Incidentally, the opening line of "I Love L.A." is: "Hate New York City. It's cold and it's damp. And all the people look like monkeys." Yeah, I think he's got his tongue firmly in cheek there.

10 Rich Lederer   ~  Jan 11, 2009 2:23 am

Cliff, that's what I wrote in my original email...well, I didn't include the "And all the people look like monkeys" part. After Alex questioned my manhood, I replied, "This girlie man is going to take a walk this morning and then go see The Wrestler. I say 'Grrrrrrrr' while you say 'Brrrrrrr.' Enjoy!"

I'd rather visit the snow by driving two hours to the mountains then have the snow visit me.

11 Cliff Corcoran   ~  Jan 11, 2009 2:51 am

Suite yourself, La La Lederer. I like the seasons and the snow. Though you've reminded me I need to get out and see The Wrestler. Maybe after the Giants-Eagles game tomorrow. Hey, is your local NFL franchise in the playoffs? Oh, wait . . .

Goin' back to Cali? I don't think so.

12 joejoejoe   ~  Jan 11, 2009 3:26 am

Does your Rosie doppleganger talk about her Isuzu Trooper?

13 earl   ~  Jan 11, 2009 5:53 am

Alex, you make the city come alive for me from far away - thanks for all the sights, sounds smells and tastes.
I am "celerino" from the previous blog - I picked "earl" this time in memory of two institutions of my youth: The Earl movie theater which stood nearly on the south east corner of 161st and River Ave. This is where I used to meet my dad when we went to games, and I even remember catching a few movies there as a kid - we lived nearby, in Concourse Village, if that means anything to you.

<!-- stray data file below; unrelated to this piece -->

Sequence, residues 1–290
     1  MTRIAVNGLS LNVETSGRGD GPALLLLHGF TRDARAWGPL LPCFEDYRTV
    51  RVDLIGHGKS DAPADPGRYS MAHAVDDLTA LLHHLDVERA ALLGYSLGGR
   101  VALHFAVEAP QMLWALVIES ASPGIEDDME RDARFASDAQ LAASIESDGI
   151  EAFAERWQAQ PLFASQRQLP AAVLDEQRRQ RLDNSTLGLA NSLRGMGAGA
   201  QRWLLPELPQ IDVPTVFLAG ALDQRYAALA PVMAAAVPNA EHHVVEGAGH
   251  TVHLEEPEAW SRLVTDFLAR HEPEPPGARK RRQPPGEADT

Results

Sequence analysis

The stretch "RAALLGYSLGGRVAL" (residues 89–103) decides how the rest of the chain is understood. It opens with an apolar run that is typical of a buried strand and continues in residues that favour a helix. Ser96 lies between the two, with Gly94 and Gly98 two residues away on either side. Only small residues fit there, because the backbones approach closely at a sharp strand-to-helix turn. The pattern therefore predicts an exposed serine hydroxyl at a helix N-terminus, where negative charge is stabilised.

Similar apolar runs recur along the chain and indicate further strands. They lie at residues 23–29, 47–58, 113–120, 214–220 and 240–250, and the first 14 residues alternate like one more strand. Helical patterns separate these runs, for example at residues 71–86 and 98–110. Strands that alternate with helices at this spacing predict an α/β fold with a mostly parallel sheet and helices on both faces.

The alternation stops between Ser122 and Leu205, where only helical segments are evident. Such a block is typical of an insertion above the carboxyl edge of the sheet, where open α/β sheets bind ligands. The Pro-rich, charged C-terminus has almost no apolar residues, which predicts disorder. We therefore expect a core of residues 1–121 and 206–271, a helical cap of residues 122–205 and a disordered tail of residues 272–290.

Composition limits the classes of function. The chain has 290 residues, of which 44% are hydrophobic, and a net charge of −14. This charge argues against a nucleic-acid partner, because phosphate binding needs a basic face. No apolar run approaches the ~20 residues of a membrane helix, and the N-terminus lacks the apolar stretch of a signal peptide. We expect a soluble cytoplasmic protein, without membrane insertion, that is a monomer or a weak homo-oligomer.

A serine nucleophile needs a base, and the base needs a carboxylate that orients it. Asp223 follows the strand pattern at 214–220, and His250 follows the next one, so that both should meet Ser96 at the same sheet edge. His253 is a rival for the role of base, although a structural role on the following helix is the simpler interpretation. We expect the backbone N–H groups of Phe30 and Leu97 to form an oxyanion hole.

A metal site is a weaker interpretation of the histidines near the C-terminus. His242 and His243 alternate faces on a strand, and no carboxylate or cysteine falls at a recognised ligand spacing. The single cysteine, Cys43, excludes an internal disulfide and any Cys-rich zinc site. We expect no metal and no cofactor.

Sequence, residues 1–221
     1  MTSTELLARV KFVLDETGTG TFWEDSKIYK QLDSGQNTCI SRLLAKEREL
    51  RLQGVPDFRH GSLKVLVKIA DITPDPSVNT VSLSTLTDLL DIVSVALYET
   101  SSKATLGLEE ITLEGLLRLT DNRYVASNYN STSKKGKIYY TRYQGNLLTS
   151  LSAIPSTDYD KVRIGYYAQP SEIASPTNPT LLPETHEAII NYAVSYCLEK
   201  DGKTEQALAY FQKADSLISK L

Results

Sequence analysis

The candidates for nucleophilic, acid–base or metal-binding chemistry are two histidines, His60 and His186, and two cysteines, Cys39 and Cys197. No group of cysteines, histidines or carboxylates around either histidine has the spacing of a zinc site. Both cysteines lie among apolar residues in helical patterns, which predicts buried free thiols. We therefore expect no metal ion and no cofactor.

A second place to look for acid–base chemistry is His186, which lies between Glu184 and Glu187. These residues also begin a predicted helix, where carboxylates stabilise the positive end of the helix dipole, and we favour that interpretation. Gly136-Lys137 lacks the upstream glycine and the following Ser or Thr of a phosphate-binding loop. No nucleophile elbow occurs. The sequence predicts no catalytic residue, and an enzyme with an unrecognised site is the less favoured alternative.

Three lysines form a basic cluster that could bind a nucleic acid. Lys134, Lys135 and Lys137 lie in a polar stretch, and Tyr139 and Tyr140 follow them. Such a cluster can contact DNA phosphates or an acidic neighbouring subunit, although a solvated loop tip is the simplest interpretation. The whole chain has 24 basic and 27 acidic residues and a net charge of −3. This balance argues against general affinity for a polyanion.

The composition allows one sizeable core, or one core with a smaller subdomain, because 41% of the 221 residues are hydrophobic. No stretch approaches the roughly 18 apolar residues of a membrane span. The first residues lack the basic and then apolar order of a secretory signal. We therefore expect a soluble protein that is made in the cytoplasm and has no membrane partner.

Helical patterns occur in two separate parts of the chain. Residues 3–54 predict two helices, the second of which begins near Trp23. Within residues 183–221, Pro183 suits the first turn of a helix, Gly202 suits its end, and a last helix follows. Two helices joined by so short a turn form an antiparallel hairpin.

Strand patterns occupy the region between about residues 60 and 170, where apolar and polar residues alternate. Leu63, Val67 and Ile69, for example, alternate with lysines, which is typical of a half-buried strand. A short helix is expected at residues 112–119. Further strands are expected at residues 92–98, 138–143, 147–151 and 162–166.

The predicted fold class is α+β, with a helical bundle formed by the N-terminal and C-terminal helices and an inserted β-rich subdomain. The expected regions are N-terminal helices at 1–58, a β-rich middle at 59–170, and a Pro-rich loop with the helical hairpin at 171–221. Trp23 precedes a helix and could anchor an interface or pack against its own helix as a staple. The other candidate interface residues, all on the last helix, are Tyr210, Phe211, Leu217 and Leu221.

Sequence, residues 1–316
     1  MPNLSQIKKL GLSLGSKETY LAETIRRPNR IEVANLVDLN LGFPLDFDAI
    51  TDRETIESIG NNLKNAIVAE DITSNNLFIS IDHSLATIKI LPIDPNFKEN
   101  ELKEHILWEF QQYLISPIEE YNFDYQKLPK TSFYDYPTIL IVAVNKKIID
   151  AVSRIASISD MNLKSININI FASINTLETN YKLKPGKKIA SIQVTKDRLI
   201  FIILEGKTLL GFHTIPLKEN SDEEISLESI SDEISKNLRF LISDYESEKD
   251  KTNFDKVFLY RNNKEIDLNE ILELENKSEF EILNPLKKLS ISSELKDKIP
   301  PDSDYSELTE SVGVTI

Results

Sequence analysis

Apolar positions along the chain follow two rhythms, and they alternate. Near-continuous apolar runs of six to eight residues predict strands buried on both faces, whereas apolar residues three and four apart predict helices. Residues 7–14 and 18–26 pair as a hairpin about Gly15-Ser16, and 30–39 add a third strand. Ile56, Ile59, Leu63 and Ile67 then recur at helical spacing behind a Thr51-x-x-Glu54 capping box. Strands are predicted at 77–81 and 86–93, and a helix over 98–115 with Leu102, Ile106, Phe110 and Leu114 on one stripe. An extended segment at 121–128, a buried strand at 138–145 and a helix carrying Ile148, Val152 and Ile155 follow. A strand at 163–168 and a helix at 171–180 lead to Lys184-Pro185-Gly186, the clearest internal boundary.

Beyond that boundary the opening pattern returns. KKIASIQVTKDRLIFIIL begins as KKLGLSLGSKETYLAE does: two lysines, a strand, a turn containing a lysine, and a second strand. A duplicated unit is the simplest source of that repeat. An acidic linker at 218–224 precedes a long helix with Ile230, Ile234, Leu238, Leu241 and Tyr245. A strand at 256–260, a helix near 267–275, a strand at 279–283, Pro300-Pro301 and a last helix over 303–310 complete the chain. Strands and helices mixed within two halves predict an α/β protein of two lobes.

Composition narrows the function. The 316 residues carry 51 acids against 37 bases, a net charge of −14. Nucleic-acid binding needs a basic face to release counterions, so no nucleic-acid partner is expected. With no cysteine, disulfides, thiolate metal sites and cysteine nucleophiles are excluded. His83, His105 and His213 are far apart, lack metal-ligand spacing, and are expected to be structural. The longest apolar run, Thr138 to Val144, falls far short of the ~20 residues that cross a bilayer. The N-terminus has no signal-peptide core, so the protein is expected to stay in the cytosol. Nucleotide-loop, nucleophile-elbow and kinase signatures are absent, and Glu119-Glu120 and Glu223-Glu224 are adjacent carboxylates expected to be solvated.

The second Earl is, of course, Earl the Pearl. The Pearl and Clyde in the same backcourt - did it ever really happen, or was it all a dream?
Anyway, best regards from the Negev desert, where, I hate to tell you, it's 80 degrees and sunny.

14 Rich   ~  Jan 11, 2009 12:14 pm

[9] That's the point. When someone attempts to diss you by invoking a Randy Newman song, the irony is that they are in effect dissing themselves.

15 rbj   ~  Jan 11, 2009 1:01 pm

I got a foot of snow yesterday. Had to shovel twice. After about the sixth or seventh time, like last year, it can be annoying. But the first few times it's just a good workout. And then I go inside to some nice turkey broth, made by mom, with some yummy German egg noodles.

Any good Italian markets in L.A.?

16 guido   ~  Jan 12, 2009 9:22 am

Years ago I gave up on the cold of NY and moved to southern California. While I don't miss the winter (or summer) weather back east. The picture of that market almost (but not quite) make we want to move back!

Geez, I miss the food!

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"This ain't football. We do this every day."
--Earl Weaver